Despite positive metabolic effects, genetic deletion of protein phosphatase 1b (PTP1b) results in sympathetically mediated elevations in arterial pressure (AP) in mice. Because several PTP1b-regulated peptides also impair the baroreflex sensitivity (BRS) for control of heart rate (HR), we hypothesized that PTP1b in the solitary tract nucleus (NTS) participates in the maintenance of resting baroreflex function. To test this hypothesis, we performed acute bilateral microinjection of an allosteric PTP1b inhibitor (100 nM/120 nL) in the NTS of urethane/chloralose anesthetized Sprague-Dawley rats and assessed the BRS, responses to cardiac vagal chemosensitive fiber activation, and resting AP and HR before and after the injection. PTP1b inhibition impaired the BRS for bradycardia (n = 6; 0.93 ± 0.14 baseline vs. 0.48 ± 0.04 at 10 minutes vs. 0.49 ± 0.04 millisecond/mm Hg at 60 minutes; P < 0.01), with no significant effect on the BRS for tachycardia (0.30 ± 0.16 baseline vs. 0.24 ± 0.08 at 10 minutes vs. 0.24 ± 0.12 millisecond/mm Hg at 60 minutes). The reduced BRS for bradycardia was associated with a significant decrease in alpha-adrenergic responsiveness to phenylephrine at 60 minutes after PTP1b inhibition. Injection of the PTP1b inhibitor in the NTS elicited transient decreases in AP and HR in these animals. However, there was no effect of the inhibitor on depressor or bradycardic responses elicited by activation of cardiac vagal chemosensitive fibers, which converge with baroreceptor afferents in the NTS. These results suggest that PTP1b within the NTS may be a novel molecular mechanism for preservation of resting baroreflex function and provides further evidence for deleterious cardiovascular effects associated with PTP1b inhibition.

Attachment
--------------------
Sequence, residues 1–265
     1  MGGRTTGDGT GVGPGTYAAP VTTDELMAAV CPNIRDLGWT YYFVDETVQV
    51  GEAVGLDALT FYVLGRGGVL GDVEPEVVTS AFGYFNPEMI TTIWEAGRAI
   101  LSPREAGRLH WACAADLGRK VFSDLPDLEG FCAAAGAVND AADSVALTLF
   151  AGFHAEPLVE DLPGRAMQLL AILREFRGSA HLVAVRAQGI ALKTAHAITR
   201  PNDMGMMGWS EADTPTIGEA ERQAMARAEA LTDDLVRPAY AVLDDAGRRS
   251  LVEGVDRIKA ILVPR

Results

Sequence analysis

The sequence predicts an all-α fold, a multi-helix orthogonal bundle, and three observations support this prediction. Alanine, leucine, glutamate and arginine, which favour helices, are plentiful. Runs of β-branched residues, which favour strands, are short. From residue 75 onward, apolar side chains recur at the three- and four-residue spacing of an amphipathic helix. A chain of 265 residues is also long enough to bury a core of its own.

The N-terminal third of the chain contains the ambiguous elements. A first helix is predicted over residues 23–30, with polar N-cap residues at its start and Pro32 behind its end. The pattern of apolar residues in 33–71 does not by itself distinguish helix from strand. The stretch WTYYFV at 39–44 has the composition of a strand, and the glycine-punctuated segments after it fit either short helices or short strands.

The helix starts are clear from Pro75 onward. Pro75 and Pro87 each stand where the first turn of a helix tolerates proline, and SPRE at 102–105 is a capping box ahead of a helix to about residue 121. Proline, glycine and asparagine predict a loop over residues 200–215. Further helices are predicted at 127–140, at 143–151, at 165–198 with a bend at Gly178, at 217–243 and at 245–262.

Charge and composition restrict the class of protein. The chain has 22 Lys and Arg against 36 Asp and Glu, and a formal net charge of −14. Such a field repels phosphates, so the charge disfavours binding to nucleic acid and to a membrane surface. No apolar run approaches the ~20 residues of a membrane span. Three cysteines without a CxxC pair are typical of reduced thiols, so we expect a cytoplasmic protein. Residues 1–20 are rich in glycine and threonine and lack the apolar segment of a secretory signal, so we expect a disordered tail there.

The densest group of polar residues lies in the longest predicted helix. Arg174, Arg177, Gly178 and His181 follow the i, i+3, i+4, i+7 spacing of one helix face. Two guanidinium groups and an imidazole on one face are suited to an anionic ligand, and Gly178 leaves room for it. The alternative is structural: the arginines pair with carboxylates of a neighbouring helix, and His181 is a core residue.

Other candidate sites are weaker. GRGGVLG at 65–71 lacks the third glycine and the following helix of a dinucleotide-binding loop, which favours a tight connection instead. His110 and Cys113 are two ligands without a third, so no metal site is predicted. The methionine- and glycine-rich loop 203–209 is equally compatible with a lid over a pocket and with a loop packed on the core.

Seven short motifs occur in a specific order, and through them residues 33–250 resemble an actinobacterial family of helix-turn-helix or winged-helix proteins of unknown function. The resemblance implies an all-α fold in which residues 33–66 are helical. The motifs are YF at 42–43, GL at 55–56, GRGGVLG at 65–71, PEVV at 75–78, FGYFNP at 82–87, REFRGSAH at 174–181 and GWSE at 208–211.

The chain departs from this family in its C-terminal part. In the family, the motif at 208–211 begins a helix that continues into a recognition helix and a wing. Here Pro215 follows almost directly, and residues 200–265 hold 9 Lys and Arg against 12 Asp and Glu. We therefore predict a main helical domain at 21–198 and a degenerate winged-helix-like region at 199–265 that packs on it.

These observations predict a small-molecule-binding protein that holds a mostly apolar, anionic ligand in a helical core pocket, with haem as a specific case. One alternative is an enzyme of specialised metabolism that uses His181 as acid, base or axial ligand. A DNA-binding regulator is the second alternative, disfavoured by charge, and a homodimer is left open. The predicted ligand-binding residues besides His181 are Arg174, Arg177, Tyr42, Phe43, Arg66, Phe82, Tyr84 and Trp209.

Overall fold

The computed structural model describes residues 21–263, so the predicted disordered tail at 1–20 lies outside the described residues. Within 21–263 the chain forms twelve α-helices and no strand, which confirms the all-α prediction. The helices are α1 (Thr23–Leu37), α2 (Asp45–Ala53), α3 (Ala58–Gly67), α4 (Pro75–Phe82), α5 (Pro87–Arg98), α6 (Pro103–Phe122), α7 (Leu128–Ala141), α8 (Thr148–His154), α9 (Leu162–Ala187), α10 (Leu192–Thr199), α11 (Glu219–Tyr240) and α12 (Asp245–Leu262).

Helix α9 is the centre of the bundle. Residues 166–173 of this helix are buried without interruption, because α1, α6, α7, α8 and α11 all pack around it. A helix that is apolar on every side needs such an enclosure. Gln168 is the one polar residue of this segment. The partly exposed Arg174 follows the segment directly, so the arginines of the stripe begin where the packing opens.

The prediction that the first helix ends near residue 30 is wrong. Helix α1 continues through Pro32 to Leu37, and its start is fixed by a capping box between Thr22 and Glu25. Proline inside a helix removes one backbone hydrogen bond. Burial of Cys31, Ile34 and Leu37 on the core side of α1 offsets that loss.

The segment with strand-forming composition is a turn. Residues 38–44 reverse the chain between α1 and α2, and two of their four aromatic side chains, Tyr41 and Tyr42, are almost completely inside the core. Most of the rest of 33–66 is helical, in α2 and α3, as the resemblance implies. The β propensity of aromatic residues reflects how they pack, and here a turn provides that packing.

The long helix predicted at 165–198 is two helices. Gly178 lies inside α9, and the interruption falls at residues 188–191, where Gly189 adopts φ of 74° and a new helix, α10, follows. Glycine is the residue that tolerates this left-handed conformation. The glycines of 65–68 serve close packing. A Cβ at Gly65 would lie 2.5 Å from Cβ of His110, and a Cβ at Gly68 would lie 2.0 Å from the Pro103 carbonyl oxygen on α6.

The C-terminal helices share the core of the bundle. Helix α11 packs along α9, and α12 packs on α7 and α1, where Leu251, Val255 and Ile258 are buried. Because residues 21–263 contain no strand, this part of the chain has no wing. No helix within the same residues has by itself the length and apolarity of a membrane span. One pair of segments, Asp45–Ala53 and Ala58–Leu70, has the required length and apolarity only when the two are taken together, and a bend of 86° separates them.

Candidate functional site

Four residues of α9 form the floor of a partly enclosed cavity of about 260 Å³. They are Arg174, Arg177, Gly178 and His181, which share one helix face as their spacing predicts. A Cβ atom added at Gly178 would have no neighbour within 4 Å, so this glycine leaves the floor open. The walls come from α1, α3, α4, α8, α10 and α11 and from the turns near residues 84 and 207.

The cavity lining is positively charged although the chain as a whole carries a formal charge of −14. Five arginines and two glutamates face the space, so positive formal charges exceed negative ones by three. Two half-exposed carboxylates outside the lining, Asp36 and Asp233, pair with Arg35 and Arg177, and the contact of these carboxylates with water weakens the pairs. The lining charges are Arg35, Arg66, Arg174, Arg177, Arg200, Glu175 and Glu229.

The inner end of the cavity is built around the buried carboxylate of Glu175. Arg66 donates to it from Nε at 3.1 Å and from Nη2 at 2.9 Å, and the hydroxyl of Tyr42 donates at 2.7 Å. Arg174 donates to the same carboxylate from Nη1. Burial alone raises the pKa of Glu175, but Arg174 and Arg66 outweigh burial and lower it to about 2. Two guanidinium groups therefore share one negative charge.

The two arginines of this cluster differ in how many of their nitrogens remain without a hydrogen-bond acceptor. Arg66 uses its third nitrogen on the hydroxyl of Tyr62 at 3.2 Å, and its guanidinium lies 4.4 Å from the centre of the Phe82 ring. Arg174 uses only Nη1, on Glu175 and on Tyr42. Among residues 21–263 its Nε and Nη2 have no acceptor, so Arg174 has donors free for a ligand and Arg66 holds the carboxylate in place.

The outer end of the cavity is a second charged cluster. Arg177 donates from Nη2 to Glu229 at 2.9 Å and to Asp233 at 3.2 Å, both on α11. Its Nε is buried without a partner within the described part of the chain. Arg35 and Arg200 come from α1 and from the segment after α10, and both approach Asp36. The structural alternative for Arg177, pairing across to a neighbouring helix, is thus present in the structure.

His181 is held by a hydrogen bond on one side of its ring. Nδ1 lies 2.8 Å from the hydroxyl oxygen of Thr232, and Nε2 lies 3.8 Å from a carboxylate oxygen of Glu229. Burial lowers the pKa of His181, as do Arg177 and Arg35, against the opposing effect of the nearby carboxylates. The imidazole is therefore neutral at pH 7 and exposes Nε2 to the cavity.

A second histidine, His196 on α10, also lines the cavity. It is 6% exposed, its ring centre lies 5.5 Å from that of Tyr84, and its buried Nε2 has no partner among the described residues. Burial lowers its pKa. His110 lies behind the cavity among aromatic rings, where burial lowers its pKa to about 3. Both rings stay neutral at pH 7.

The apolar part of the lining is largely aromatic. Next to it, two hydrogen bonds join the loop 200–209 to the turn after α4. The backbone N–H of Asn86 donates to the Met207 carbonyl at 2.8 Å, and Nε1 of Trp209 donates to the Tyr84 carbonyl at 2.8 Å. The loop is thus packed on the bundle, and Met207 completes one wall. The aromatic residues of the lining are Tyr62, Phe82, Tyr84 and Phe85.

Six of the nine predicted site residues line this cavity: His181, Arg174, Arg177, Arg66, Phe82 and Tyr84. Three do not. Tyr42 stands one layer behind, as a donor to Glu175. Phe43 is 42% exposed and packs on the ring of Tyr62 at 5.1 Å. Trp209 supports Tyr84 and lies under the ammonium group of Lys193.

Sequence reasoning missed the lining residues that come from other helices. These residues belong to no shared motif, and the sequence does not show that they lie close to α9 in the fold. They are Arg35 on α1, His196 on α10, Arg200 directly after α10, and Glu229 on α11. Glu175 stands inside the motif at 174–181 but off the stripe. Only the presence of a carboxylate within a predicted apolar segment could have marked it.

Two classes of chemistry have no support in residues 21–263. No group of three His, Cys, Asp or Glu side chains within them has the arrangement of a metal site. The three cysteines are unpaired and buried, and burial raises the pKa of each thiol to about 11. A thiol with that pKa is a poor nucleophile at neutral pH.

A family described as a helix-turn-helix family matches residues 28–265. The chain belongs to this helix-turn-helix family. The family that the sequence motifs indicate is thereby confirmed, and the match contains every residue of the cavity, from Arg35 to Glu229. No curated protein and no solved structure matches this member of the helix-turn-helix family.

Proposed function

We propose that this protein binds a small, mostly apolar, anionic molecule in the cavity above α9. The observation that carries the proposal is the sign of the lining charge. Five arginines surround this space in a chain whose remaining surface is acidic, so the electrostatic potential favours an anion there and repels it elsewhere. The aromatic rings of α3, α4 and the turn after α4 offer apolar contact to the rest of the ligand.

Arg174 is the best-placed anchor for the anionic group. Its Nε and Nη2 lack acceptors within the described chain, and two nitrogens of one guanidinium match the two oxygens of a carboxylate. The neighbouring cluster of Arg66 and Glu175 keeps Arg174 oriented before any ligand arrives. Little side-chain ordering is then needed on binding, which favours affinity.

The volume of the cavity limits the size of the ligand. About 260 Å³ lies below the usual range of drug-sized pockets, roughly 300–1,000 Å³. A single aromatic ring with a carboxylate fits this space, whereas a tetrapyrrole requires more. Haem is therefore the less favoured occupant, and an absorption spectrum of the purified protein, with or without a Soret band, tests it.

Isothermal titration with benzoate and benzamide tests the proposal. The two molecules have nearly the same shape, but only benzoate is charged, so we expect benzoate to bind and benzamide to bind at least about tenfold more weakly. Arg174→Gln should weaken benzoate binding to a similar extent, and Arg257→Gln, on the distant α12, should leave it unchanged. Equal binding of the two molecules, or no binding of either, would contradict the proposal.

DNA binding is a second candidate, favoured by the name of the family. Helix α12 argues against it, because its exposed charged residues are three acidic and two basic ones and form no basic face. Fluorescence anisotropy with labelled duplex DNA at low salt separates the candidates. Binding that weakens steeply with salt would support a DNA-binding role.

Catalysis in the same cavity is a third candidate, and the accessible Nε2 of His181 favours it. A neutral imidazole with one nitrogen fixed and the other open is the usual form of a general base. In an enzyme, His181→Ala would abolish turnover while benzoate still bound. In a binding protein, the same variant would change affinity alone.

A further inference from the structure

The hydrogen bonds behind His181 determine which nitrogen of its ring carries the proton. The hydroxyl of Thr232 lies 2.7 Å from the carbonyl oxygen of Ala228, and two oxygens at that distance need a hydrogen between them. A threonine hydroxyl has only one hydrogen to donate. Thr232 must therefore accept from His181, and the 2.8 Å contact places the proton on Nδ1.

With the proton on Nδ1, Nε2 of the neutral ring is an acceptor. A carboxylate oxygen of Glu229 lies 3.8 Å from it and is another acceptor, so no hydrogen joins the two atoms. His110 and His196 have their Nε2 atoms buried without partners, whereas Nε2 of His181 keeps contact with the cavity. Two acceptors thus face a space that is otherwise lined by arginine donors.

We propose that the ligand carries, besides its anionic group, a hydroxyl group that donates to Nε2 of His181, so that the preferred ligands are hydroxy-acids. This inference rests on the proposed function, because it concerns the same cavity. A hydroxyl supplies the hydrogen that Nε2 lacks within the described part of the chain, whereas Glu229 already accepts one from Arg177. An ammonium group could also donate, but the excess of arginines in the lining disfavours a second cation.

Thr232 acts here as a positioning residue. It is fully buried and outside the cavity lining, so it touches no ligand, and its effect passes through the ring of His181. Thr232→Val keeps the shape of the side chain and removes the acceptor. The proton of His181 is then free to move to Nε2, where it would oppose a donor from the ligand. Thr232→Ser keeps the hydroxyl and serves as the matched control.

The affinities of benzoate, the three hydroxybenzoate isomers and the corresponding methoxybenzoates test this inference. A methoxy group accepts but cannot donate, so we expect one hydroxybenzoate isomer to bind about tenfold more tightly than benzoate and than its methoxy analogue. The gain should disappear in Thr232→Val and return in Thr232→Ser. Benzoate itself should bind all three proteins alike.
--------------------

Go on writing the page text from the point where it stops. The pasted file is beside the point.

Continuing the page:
All Science Journal Classification (ASJC) codes
- Cardiology and Cardiovascular Medicine